On the contrary, Le Pen continues to consolidate her second place in one poll after another. She overcame the effects of Zémour’s candidacy. Above all, by betting all her energy on defending the purchasing power of the population, Le Pen finally managed to escape the negative effects of the Russian military intervention in Ukraine, which, after all, for a long time brought her closer to Russian President Vladimir Putin. In contrast, the Reconquête! party candidate Zemmour, who once declared his desire to become the “French Putin”, was not so lucky.

Macron’s attempt to attract the left

On April 2, Macron successfully held his only campaign rally before the first round of voting at the Défense Arena, a multipurpose sports complex in La Défense, Nanterre, with more than 30,000 people in attendance.

Macron took the opportunity to call for a common opposition, with the left, to the far right. Although Mélenchon’s performance was impressive at the end of the campaign, left-wing voters are likely to see that, as was the case in the 2017 election, all left-wing candidates were eliminated after the first round of voting, reserving enough space to win left-wing votes.

The campaign has also shown the decline of the Socialist Party, and it has been difficult to hear from its candidate Anne Hidalgo, who has been unpreferred in the polls.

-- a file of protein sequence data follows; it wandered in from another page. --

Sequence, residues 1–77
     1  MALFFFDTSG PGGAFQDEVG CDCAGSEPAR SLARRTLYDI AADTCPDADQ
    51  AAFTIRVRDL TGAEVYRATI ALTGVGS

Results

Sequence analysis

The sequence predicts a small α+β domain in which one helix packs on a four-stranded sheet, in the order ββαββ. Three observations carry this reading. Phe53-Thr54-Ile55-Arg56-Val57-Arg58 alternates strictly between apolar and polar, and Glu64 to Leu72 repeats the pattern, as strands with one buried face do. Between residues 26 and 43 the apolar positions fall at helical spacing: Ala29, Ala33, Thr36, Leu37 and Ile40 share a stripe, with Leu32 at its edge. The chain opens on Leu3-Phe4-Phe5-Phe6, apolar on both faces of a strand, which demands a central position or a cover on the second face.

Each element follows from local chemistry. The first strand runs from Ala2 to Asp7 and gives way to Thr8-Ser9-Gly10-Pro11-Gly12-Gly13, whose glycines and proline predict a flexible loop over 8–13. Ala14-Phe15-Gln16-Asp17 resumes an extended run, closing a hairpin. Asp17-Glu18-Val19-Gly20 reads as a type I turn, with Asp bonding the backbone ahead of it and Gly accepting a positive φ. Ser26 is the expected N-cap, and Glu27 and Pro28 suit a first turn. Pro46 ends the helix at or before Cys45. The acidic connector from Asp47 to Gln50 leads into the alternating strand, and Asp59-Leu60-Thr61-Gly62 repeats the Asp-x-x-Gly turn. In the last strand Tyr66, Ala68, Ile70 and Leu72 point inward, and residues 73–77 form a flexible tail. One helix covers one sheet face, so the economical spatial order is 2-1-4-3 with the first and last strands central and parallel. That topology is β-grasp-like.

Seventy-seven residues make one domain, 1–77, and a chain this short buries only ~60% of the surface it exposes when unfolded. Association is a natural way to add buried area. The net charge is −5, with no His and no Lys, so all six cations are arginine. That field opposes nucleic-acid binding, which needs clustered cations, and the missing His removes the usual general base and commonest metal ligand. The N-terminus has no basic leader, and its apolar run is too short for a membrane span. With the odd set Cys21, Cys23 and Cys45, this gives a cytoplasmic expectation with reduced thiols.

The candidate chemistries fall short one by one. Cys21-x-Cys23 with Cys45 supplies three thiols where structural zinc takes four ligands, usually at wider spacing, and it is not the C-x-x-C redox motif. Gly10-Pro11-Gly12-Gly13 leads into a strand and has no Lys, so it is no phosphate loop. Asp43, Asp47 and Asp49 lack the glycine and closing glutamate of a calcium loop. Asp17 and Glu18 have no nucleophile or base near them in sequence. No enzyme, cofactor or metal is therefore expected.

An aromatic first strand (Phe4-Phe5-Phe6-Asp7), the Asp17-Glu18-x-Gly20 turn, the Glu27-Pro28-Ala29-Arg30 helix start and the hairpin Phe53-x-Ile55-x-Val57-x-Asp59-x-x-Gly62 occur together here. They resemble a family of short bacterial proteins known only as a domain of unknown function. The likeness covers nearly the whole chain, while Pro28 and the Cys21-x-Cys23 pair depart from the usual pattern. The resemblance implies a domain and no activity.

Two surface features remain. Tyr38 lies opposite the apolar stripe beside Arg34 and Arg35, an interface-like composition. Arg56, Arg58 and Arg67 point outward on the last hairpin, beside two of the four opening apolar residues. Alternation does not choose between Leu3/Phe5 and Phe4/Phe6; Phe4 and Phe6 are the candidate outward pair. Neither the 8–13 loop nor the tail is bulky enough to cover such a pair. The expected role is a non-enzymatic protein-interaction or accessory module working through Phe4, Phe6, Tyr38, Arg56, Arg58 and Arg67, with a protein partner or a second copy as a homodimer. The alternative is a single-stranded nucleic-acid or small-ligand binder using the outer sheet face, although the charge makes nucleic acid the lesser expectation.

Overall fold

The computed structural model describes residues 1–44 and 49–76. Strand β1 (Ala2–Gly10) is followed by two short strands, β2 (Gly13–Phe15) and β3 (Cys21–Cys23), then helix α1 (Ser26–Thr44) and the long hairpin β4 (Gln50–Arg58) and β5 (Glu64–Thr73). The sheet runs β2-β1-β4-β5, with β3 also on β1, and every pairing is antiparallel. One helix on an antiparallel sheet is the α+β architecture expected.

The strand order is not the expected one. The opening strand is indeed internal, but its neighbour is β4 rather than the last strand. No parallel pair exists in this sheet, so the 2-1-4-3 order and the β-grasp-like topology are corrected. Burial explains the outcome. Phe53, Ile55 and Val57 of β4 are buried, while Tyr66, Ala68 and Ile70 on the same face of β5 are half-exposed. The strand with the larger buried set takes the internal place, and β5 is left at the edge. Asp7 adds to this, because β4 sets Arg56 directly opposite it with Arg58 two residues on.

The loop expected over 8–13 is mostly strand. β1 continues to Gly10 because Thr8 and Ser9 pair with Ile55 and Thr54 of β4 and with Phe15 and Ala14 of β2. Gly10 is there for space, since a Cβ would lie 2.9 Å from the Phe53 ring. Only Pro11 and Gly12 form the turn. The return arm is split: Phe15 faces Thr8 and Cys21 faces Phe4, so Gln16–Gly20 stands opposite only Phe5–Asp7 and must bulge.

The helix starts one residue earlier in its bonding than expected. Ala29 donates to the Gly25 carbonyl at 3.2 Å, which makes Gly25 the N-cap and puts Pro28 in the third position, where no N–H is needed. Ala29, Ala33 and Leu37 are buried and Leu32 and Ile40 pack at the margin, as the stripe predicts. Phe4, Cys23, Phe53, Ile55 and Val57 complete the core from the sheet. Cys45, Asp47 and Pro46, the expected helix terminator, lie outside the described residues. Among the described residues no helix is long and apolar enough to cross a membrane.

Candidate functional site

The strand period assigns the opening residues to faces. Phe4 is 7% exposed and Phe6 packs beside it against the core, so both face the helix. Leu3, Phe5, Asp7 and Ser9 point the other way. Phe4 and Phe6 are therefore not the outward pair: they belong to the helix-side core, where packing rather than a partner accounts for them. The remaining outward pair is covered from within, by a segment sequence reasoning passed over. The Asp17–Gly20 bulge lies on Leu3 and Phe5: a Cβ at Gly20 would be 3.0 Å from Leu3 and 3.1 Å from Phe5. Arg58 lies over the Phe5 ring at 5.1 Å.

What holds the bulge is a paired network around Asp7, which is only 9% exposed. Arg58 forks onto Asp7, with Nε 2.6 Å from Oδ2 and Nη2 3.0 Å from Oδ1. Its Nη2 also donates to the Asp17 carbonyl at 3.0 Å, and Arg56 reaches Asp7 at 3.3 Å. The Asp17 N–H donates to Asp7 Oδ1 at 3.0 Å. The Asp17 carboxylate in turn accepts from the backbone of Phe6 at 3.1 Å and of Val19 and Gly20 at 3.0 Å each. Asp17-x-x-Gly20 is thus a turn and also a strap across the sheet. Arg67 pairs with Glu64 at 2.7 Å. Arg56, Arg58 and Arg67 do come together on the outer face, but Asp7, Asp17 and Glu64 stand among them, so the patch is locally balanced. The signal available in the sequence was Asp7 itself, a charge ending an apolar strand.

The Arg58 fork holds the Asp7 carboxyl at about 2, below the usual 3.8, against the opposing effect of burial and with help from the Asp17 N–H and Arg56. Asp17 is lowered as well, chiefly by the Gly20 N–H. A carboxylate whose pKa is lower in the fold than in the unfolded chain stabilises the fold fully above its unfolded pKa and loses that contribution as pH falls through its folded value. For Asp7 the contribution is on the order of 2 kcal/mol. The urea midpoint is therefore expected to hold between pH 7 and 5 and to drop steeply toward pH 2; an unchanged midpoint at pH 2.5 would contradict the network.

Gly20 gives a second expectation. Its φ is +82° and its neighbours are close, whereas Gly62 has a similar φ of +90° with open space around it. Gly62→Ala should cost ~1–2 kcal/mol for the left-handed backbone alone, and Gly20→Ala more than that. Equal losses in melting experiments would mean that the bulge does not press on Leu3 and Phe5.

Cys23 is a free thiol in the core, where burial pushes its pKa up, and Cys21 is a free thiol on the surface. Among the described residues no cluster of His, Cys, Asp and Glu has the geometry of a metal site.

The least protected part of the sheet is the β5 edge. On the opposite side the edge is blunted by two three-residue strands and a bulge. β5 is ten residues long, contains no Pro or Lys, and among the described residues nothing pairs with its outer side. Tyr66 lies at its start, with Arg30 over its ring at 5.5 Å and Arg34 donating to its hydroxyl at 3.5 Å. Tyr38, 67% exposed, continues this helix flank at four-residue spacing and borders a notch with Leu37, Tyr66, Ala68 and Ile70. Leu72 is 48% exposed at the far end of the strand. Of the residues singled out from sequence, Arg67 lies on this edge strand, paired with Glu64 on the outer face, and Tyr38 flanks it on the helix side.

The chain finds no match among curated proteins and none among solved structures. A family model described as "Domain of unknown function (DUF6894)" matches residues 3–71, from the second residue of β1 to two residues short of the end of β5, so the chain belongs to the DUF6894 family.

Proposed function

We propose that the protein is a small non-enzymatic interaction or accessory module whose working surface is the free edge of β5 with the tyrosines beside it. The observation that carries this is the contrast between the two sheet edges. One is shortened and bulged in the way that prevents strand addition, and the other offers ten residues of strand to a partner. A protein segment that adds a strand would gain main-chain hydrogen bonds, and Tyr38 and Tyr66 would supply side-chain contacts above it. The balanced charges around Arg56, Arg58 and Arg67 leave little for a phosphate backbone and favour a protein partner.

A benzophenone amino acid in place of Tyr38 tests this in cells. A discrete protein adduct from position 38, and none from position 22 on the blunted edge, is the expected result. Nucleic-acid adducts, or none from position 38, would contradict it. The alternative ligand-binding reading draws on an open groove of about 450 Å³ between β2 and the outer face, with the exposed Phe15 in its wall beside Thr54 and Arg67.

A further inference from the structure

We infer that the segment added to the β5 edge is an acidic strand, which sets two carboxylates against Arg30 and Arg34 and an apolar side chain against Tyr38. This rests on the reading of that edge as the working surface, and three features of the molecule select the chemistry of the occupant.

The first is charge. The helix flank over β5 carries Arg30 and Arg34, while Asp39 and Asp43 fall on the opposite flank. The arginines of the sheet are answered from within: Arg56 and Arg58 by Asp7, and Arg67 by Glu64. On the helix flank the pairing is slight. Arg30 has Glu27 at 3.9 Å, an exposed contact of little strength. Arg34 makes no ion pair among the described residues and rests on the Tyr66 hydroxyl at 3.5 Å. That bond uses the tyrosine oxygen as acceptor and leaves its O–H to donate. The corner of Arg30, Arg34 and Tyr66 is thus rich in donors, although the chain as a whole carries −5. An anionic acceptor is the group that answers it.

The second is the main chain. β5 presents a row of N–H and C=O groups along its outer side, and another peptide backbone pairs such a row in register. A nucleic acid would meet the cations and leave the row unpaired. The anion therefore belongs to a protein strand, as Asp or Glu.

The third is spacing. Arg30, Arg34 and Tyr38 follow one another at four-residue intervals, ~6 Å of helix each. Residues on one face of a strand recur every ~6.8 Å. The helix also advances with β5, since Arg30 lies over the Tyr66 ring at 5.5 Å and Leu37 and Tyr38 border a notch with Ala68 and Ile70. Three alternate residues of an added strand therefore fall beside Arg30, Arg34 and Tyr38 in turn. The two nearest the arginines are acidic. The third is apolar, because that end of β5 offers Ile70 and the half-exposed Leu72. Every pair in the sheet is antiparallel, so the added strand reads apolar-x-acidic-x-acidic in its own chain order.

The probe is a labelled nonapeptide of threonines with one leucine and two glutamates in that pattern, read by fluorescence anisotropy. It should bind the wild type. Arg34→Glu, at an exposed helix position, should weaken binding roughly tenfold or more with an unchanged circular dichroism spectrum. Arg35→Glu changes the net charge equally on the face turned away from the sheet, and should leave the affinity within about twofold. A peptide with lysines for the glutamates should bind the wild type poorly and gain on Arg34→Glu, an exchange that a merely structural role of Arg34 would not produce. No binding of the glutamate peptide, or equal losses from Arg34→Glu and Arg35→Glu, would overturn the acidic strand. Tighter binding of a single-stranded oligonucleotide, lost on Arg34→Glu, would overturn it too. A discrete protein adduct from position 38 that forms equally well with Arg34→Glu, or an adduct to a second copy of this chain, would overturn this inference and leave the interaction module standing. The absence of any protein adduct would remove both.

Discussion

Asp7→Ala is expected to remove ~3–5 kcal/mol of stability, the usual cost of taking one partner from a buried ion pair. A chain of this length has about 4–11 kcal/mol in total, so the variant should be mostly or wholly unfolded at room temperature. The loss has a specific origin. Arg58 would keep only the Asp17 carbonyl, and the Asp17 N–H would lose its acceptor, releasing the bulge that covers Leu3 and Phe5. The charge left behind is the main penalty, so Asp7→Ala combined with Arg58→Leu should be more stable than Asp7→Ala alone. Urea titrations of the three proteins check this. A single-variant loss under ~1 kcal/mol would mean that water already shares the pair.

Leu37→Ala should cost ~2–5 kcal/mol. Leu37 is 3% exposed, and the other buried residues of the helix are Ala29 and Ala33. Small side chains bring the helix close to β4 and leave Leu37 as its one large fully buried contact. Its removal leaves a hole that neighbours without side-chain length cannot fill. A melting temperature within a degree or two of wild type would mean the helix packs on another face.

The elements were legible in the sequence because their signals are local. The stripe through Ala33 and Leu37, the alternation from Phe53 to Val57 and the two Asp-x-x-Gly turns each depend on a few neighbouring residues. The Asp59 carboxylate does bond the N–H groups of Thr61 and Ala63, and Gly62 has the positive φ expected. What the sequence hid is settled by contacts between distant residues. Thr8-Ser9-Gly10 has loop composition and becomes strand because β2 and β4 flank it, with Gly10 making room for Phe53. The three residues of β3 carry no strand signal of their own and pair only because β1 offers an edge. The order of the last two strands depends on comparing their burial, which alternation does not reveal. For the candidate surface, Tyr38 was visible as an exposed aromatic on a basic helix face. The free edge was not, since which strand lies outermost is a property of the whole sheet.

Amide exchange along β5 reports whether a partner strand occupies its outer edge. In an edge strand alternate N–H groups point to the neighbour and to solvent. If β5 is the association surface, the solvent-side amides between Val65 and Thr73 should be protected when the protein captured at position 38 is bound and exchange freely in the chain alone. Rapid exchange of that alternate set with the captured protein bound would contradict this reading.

As for the Les Verts candidate Yannick Jadot, he has failed to break the green party’s spell in the presidential election, and in each presidential election, the green party’s share of the vote has been far worse than its performance in the midterm elections.

However, Macron’s campaign was also affected by the McKinsey affair and growing concern among the French about declining purchasing power as the campaign drew to a close.

Business owners tend to vote for Macron

There is also a big unknown, namely voter participation. A week before the first round of voting, pollsters expect many voters to abstain from voting, with a rate that could be close to 30%, similar to the level in 2002 at 28.4%, although in 2017, the abstention rate was only 22%.

“The ‘yellow vest’ movement, the COVID-19 epidemic and the war in Ukraine, the successive outbreaks of these crises have deeply confused voters and raised doubts about the ability of politicians to respond to them.” Cautrès further explained.

In the past five years, the French economy has gone through several crises, especially the COVID-19 epidemic crisis that hit the French economy hard. According to a poll conducted by OpinionWay, a polling agency commissioned by Legalstart, an online platform providing legal services,52% of business owners say they are ready to vote for the incumbent President Macron, thanks mainly to the economic rescue policies launched by the government in response to the crisis; they are far ahead of Zemmour in second place (10%), with Pécresse and Melenchon tied for third (9%) and Le Pen at 7%.

(Source; France Bleu, Foreign Brief, Labour Heartlands, Politico)